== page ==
There was a public outcry when the Communications Authority of Kenya (CA) announced that it was going to acquire the controversial Device Management System (DMS).
Now, the statutory regulatory body in charge of licensing and regulating ICT services in Kenya comes in defense in system, citing that the planned installation of the system (it monitors texts and phone calls) is motivated by multiple complaints from our neighbours in Rwanda who have that some Kenyans are making illegal international phone calls to the country.
The Director-General of CA Mr. Francis Wangusi revealed in a court filing that the East African nation aired its grievances about the matter. In principle,Kenyan fraudsters use SIM boxes to cheat telecommunications systems where international calls are disguised as local ones. As a result, operators have lost a substantial amount of revenue.
“The CA has received complaints from its counterparts within the bloc, in particular Rwanda that sim boxing operations in Kenya are being used to terminate international traffic, which seemingly appears to be originating from a Kenyan operator into Rwanda resulting into loss of revenue for the country.”
Interconnect Bypass Fraud, commonly referred to as SIM Box Fraud is an international problem that costs telcos billions of dollars. Simply put, all calls that are made over the Internet pass through SIM boxes, which redirect illegal VoIP traffic into mobile networks. Then, fraudsters use this vulnerability to steer off charging points to take advantage of low retail price for on-network phone calls. Thus, charges paid are in line with what the affected operators charge on local phone calls.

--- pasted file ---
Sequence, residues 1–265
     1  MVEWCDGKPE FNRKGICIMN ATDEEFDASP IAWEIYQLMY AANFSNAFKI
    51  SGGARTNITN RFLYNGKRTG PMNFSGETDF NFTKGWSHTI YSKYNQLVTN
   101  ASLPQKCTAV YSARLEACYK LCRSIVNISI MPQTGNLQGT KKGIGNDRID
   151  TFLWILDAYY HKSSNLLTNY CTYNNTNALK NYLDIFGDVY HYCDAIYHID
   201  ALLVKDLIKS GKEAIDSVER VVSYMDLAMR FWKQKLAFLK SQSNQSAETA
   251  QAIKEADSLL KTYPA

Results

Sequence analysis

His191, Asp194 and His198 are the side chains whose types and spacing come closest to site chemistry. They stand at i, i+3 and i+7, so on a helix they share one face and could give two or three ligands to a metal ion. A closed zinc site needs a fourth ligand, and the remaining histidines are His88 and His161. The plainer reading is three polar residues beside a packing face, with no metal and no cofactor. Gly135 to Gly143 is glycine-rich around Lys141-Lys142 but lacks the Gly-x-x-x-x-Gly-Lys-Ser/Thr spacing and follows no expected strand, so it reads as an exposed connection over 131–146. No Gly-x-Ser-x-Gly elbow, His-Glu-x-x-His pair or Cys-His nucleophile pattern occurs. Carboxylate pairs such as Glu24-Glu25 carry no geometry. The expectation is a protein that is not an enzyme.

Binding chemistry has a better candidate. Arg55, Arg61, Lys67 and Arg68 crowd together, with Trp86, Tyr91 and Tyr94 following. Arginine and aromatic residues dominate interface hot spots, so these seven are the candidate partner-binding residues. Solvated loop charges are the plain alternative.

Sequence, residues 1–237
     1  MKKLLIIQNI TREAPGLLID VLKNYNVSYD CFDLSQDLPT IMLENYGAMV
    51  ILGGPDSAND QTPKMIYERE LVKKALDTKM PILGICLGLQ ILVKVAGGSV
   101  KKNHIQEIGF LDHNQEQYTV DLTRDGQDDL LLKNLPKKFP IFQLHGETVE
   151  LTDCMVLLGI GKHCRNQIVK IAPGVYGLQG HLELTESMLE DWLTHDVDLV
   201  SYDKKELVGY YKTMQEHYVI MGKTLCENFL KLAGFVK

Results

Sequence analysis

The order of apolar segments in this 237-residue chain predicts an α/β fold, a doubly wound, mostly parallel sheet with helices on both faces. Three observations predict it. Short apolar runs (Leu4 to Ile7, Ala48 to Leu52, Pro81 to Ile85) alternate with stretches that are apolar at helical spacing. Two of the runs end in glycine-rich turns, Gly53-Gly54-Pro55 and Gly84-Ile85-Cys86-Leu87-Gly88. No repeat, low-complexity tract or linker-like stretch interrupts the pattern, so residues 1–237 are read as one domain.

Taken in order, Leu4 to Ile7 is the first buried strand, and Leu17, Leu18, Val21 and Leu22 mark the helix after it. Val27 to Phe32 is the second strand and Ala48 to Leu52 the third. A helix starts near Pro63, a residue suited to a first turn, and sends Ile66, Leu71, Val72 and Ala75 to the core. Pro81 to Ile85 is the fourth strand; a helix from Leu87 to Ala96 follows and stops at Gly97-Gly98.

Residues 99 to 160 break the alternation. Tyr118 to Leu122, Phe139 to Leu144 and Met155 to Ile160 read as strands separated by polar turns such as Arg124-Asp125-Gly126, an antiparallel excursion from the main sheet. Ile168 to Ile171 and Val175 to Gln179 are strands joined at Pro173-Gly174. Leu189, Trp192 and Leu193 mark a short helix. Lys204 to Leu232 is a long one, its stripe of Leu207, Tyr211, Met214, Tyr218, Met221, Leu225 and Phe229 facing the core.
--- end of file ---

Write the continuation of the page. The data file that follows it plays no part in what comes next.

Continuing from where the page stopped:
By the way, SIM boxes cost between KES 50,000 to KES 1,000,000.
Now, Mr. Wangusi wants you and me to understand that the DMS will somehow make our neighbours in Rwanda complain less of foxy Kenyans who are milking telcos dry of their hard-earned revenue.
On the other hand, the Kenya Human Rights Commission (KHRC) has insisted that the CA’s reasons (them fraudsters) for installing the ‘spying’ system is an ostensible reason that will somehow give them direct access to confidential data in people’s phones, which is against privacy laws.
Based on these complaints, KHRC has sued telcos Safaricom, Airtel and Telkom, in addition to the CA and the Attorney-General, Professor Githu Muigai. Only the AG has responded to the suit, arguing that plans to install the DMS are well-defined in the authority’s mandate.
According to Business Daily, KHRC’s Director, Mr. George Kegoro is wary of the system accessing privileged information for professionals such as doctors, lawyers, to mention a few.
“The system is to be installed and managed by third parties who are not State corporations and who are not bound by rules and statutory provisions on confidentiality and the owners of the (mobile phone) devices will not be privy to the agreements with the contracted company,” says Mr Kegoro.
We will update you about the outcome of these events.